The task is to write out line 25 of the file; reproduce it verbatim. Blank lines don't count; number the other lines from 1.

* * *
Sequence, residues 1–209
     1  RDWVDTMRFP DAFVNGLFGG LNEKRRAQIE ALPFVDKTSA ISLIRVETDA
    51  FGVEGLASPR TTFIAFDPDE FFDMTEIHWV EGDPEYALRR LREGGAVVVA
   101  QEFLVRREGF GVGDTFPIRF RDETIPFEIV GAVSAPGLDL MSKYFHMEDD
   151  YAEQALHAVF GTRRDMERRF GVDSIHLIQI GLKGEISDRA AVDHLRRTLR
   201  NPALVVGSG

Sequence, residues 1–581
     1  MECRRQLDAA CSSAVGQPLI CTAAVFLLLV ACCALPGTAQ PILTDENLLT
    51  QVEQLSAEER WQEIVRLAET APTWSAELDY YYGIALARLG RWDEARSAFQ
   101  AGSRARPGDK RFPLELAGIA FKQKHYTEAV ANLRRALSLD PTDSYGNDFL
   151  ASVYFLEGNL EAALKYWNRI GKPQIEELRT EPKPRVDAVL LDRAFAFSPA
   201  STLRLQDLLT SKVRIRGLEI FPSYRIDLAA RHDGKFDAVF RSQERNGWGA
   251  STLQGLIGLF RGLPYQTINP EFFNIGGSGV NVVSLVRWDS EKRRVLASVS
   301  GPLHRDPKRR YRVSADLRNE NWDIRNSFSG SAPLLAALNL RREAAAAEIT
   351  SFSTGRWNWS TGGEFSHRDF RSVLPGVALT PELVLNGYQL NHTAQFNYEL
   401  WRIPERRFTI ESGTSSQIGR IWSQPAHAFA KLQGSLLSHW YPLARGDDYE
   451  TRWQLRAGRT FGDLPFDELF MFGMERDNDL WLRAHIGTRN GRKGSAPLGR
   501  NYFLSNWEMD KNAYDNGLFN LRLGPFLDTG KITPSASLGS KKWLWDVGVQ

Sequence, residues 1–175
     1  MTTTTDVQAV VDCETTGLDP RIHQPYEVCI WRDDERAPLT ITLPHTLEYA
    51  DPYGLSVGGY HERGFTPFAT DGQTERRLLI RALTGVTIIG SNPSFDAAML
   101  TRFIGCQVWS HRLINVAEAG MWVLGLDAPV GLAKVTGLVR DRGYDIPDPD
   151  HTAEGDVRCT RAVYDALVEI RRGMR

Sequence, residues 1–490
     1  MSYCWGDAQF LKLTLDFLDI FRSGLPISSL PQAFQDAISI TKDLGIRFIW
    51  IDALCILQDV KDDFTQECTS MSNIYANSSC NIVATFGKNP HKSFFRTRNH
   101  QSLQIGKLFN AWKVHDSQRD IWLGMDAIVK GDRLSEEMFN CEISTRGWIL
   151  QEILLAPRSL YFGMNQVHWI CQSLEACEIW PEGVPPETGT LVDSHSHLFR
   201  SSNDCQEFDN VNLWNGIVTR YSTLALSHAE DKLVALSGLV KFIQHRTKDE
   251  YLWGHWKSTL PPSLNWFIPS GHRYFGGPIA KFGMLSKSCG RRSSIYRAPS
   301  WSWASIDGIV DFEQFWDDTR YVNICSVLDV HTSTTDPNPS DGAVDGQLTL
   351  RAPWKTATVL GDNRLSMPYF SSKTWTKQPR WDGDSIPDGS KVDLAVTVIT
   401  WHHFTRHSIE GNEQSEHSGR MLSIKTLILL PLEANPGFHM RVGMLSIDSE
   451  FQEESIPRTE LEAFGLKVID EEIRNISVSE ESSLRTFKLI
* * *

     1  MSYCWGDAQF LKLTLDFLDI FRSGLPISSL PQAFQDAISI TKDLGIRFIW